Refuting Common Business Law MisconceptionsShare
Conducting business can be a far more complicated task than many people realize. This is especially true when you consider the variety of legal issues that can arise for every enterprise. Yet, there are many people that are considering starting a business, and they may lack the information they need to properly protect themselves against some routine legal complications.
By refuting these myths about business law, you will be better prepared to navigate the various liabilities and disputes that you may encounter:
Myth: Incorporating Will Shield You From All Liability
Incorporating your enterprise is one of the best ways to reduce the chances that you will be personally liable for many problems that arise from conducting your business. However, there are some people that do not fully understand the limitations of this protection, and they may assume that they are always protected for liabilities.
Unfortunately, this is not the case, and there are many instances where you will be personally liable regardless of being incorporated. For example, incorporating will not protect you from criminal acts or instances where you sign legal documents under your name. In both of these scenarios, you will be fully liable for your actions. The exact laws governing this will vary from state to state, and you should consult with an attorney to determine the exact limitations of this protection your area.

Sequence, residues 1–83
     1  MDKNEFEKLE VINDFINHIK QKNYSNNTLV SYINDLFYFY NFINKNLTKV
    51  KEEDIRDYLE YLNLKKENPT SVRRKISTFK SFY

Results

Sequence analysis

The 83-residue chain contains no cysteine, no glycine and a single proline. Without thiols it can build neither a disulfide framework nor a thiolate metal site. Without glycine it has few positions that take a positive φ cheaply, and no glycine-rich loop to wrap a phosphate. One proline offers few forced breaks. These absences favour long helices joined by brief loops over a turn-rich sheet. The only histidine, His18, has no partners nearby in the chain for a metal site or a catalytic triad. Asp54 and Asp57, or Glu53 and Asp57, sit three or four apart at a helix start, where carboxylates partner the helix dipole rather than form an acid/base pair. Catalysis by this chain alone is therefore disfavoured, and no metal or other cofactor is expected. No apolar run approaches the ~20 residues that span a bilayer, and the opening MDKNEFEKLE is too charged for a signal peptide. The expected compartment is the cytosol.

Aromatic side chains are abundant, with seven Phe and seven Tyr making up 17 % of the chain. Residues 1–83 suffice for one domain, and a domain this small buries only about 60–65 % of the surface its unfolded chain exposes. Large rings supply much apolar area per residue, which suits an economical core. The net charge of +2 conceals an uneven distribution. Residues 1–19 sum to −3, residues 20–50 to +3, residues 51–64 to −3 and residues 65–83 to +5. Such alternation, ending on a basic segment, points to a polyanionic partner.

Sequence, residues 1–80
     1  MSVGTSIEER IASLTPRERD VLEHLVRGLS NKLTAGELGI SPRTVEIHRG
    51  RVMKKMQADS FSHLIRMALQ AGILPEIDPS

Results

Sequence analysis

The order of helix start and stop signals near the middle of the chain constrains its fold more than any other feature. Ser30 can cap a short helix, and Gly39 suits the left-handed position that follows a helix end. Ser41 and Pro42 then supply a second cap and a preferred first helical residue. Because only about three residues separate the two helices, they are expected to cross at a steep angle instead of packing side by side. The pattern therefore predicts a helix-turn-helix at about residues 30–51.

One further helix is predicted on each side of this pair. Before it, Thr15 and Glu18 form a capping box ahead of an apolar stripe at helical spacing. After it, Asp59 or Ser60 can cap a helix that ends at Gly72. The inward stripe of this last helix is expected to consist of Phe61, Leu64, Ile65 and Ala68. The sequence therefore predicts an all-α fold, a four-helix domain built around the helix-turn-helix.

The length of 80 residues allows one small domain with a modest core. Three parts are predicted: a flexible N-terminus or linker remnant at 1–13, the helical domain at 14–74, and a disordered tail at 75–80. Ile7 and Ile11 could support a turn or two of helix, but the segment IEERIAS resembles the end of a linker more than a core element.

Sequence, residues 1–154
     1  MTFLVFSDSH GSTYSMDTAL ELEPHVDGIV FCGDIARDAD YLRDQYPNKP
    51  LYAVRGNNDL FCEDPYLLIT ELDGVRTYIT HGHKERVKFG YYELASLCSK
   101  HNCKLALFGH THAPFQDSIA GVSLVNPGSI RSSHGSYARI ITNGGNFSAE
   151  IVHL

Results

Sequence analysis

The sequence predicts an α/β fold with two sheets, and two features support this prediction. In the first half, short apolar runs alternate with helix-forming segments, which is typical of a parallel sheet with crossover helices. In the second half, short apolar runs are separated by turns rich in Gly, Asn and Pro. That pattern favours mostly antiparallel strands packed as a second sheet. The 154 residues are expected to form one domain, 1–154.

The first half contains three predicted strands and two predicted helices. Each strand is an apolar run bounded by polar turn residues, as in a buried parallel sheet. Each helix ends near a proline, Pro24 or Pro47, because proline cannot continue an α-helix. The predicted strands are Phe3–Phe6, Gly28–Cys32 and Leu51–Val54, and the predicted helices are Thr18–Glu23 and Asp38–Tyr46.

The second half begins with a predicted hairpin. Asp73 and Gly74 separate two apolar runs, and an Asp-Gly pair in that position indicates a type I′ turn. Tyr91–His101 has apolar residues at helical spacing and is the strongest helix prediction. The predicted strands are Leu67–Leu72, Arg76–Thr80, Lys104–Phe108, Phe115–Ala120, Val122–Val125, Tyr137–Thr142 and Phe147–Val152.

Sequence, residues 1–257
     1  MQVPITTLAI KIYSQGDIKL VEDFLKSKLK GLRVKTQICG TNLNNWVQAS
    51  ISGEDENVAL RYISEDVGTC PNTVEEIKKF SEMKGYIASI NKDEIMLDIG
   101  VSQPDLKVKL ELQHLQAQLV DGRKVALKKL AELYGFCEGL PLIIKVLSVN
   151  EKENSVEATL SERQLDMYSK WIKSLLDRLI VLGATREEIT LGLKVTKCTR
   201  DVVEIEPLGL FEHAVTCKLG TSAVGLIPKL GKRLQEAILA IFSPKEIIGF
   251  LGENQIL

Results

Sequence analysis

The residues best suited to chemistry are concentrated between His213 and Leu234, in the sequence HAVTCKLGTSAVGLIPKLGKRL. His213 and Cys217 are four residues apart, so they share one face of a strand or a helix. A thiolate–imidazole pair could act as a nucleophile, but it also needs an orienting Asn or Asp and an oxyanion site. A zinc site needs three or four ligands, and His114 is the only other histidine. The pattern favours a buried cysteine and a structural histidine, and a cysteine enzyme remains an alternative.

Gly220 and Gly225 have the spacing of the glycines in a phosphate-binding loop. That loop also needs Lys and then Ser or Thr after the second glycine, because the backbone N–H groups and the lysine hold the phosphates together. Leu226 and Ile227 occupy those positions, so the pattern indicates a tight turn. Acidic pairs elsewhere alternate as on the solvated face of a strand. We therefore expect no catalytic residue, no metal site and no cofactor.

Myth: A Contract Is Always Legally Binding
There is another myth that a contract can never be legally broken, and while it is true that it can be difficult to get out of a contract, there are instances where the contract is invalid. For example if the other party has misrepresented their offer or claim, this will void the contract because you were actively being deceived. Another example is if one party signed was forced or bullied into signing the document.
Regretfully, you will be facing an uphill battle if you sign a bad contract, and while your attorney may be able to get you out of this binding agreement, this can be an expensive task. To minimize your chances of encountering this problem, you should always allow your attorney to review any contracts before you sign them to make sure that your rights and interests are protected.
Understanding the legal issues that your enterprise will encounter is an essential step in being a responsible and informed business owner. By understanding the limitations of the protections offered by incorporating and that it may be possible to get out of a bad contract, you will be better able to minimize your enterprise's exposure to legal risks.